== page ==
Have OFTEN not tested one of their lamps for the full 78,750 hours – 3281 DAYS burning 24 hours a day or 9 YEARS OF 24-PER-DAY testing to make certain their lamps truly meet this claim. Most LED lamps currently on the market have been manufactured commercially for less than 3 years. It is impossible to test the accuracy and precision of that claim.
Second, while the lamp may indeed light up after 6000 hours, the color balance and lumen output may have fallen off dramatically, making the lamp unusable. Only a very small number of manufacturers guarantee color maintenance and lumen output for 5 years or 18,250 hours. You would need a LED lamp to meet that performance standard to actually make the lamp cost effective enough so that the cost of energy saved, the BTU’s of heat not produced in the summer, the labor saved of changing lamps 7 times and the cost of repeated purchase ordering ended up actually saving the user money.
Those guaranteed LED lamps are out there and there will be more and more of them in the coming years. But right now, you REALLY have to do your homework to weed-out claims that are not backed-up with a money-back guarantee.
December 11, 2013 at 2:20 pm #132242Scott RosenfeldMember
I personally think the advantages of LEDs far outweigh the risks.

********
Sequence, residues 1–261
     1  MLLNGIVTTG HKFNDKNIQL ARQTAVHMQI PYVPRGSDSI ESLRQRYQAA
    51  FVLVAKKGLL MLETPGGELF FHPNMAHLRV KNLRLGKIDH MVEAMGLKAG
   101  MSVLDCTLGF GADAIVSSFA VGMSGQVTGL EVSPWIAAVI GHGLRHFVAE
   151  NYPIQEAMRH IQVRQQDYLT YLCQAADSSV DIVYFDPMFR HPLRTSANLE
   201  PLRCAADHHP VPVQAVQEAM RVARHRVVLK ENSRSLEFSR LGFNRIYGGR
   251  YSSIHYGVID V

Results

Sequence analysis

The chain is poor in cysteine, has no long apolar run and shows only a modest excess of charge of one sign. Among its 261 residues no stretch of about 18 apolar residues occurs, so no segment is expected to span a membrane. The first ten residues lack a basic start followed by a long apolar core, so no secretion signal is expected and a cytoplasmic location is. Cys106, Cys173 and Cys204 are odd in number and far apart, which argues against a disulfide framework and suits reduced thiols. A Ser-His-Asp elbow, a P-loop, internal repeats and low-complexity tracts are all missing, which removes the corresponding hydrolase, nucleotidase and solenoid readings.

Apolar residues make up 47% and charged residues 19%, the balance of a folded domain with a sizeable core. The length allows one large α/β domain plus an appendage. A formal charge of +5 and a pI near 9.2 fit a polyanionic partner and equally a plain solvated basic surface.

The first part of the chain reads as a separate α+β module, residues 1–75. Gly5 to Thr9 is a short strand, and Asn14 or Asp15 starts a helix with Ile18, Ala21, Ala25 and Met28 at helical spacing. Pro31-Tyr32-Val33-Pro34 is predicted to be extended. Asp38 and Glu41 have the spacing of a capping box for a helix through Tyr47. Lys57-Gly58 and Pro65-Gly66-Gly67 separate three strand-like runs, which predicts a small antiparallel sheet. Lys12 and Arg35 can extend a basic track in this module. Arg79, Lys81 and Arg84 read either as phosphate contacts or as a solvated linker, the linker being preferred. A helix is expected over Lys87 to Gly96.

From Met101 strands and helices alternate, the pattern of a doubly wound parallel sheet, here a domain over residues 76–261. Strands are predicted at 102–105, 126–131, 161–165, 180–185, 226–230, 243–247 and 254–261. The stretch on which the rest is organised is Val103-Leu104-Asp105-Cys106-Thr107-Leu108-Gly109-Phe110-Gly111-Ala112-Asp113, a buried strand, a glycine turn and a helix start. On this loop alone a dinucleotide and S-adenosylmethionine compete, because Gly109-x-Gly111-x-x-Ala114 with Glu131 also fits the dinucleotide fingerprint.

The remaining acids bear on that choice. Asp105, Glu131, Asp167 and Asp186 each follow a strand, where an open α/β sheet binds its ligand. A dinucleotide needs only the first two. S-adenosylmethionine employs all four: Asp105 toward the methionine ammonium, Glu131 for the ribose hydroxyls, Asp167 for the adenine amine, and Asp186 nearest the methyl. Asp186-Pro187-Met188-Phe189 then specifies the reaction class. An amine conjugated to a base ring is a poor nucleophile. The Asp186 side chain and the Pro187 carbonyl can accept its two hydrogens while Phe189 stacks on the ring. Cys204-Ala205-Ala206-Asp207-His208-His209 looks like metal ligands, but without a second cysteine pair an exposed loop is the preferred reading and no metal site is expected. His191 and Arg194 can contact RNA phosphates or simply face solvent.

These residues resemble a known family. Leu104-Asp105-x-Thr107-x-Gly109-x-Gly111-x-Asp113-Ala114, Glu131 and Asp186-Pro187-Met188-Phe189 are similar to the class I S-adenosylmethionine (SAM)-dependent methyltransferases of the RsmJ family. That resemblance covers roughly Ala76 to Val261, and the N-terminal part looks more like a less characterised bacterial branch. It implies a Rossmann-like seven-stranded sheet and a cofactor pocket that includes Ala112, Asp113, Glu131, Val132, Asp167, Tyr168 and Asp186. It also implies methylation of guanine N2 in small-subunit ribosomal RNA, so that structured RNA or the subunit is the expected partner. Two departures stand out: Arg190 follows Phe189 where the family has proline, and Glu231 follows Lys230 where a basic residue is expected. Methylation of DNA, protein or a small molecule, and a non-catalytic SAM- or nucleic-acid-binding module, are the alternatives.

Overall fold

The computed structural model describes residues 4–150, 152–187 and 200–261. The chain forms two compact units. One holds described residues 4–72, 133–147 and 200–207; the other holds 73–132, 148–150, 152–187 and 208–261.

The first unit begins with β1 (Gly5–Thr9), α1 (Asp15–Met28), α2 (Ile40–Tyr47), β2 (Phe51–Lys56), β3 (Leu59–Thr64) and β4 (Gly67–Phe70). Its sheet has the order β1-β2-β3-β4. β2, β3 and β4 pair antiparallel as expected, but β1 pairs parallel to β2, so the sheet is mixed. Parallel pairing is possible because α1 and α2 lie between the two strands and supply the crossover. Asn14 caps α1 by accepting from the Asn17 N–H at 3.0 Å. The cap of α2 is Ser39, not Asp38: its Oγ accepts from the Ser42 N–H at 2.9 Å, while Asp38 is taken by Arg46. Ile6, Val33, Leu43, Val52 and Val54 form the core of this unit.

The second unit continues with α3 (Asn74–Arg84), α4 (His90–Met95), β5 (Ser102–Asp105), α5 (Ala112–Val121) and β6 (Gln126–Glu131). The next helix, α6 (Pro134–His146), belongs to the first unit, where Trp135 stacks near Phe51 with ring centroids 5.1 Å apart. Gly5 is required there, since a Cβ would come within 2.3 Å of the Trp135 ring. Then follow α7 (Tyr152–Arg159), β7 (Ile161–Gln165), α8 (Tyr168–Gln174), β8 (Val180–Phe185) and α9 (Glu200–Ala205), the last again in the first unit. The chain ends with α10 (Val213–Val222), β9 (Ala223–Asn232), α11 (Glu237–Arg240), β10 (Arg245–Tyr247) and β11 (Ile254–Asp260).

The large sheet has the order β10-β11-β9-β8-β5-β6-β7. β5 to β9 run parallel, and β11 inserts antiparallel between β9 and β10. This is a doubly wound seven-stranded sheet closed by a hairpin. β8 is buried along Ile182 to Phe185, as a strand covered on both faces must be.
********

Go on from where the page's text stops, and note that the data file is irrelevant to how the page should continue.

We noticed some lamps changing color at Smithsonian American Art and worked with DOE and CREE to detail the mechanisms behind the changes. Our report on color change on LEDs can be found in the link below. Its worth noting Halogen lamps can also change color over time; I am currently having some problems with one manufactures Halogen IR lamps changing color.
The takeaway from this report is that while LED products may not maintain their color quality throughout the claimed life of 25-50,00 hours, most high quality LEDs will last long enough to pay for themselves though a simple payback of reduced utility bills. It is hard to guess how long products will last to museum standards; for high quality LED chips made in the last few months my guess is they will look good for 9-12,000 hours, maybe longer (please see report above for details). The length of payback will vary depending on the utility rates in your region, but saving energy is a good idea just about everywhere.
Lastly, fixtures made with remote source LED technology will likely last their rated life and often come with good warranties. However, track lighting fixtures using remote phosphors are often: more expensive, more difficult to focus into small beams of light and less energy efficient then the competing chip on board LED technologies.
Hiring a lighting designer is the best way to work through these complexities to find good solutions for your particular museum.
December 11, 2013 at 3:22 pm #132241
Scott, important information and good council! You are a wise and good man, sir! I look forward to our next visit! It does not surprise me that CREE responded quickly – great engineers there, to be certain. Thanks for posting the link to your color change report!
December 18, 2013 at 10:58 am #132240
Thanks, Scott and Dale, for your contribution to this discussion. This is what I love about museum people — they are not only wise, but generous with their wisdom.
- The forum ‘C2C Community Archives – 2012 through 2014’ is closed to new topics and replies.